It is not news that Future Sheriff-in-Chief Rick Perry enjoys murdering Mexicans, for sport. That is why Michele Bachmann is probably having a shame-based pill binge, right this very minute, while watching her already-questionable relevance get flushed further and further down the State Fair Porta-Johns. But Rick Perry knows that in order to win 2012, he can’t just kill Mexicans. There are so many other troublesome people in America that need to be injected with poison so they can go visit Rick Perry’s Jesus, for example, youths and the mentally disabled. And Rick Perry is not going to stop until he gets them all! He is already well on his way, with 234 executions overseen so far, and he is on a roll.
In response to the growing number of people wondering exactly how many people Rick Perry has watched get killed, The Texas Tribune has published an encyclopedia of Rick Perry-approved executions, complete with fun facts, story highlights, and everything else you must want to read if you enjoy reading about people getting murdered for things they may or may not have done.
As Gov. Rick Perry touts his tough-on-crime policies on the national political stage, the case of Cameron Todd Willingham will continue to be scrutinized. Scientists have raised questions about whether Willingham set the blaze that killed his three daughters and led to his 2004 execution.
During nearly 11 years in office, Perry has overseen 234 executions — by far the most of any recent governor in the United States — and has rarely used his power to grant clemency. He has granted 31 death row commutations; most of those — 28 — were the result of a 2005 U.S. Supreme Court decision banning capital punishment for minors.
To his critics, his parsimonious use of clemency is notable because of continuing concerns about the ability of prisoners facing capital charges in Texas to retain quality legal representation, the execution of those who were minors when they committed their crimes, the ability of some prisoners to intellectually understand their punishment and the international ramifications of executing foreign nationals.
And here are some awful examples:
Leonard Uresti Rojas was convicted in 1996 of shooting to death his common-law wife and his brother. The appellate lawyer appointed to handle Rojas’ case was inexperienced, on probation with the state bar and suffered from mental illness, according to court documents. He had been disciplined for not adequately serving his clients and was serving three probated sentences from the bar while he was working on Rojas’ case. He missed crucial deadlines for filing appeals on Rojas’ behalf, effectively eliminating any chance he might have had for relief. Shortly before his scheduled execution, new attorneys took on Rojas’ case. They appealed to the Texas Court of Criminal Appeals and asked Perry for a reprieve. The pleas failed, and Rojas was executed on Dec. 4, 2002.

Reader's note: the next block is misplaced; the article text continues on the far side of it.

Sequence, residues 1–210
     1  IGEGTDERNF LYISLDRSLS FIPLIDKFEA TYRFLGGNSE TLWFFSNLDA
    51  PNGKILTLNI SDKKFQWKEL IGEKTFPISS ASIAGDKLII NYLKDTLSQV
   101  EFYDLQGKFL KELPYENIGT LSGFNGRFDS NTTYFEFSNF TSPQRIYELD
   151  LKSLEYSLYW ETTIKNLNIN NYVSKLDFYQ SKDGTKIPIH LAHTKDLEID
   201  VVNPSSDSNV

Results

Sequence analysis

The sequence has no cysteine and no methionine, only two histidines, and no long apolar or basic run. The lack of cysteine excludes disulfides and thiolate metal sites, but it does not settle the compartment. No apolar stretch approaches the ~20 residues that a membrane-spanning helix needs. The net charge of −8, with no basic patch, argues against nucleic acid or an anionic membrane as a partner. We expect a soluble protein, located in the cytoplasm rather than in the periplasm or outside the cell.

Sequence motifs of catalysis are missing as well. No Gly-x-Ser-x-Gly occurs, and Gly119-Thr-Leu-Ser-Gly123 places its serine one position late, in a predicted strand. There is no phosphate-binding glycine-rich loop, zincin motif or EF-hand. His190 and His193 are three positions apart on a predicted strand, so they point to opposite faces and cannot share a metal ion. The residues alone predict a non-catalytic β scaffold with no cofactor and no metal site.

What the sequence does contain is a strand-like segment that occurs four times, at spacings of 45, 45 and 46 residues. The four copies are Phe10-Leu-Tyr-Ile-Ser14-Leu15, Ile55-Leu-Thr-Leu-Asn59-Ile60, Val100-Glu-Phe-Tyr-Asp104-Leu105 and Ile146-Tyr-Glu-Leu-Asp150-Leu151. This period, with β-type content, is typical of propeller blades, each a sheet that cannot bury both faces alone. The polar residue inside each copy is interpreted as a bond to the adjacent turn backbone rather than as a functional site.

Napoleon Beazley was convicted of shooting John Luttig, 63, in Tyler during a 1994 carjacking. Beazley, 17 at the time, was driving around with two friends, a pistol and a sawed-off shotgun when they spotted Luttig driving a Mercedes and followed him to his home. Beazley, the trial record showed, shot Luttig in the head and stole the car, which he backed into a retaining wall and then abandoned. A jury sentenced Beazley — a former high school class president and the son of a city councilman — to death in 1995. “To delay his punishment is to delay justice,” Perry told reporters at the time. In a final statement the 25-year-old wrote that he was not the same person who had committed the murder. “I’m sorry that it was something in me that caused all of this to happen to begin with,” he wrote. “Tonight we tell the world that there are no second chances in the eyes of justice.”
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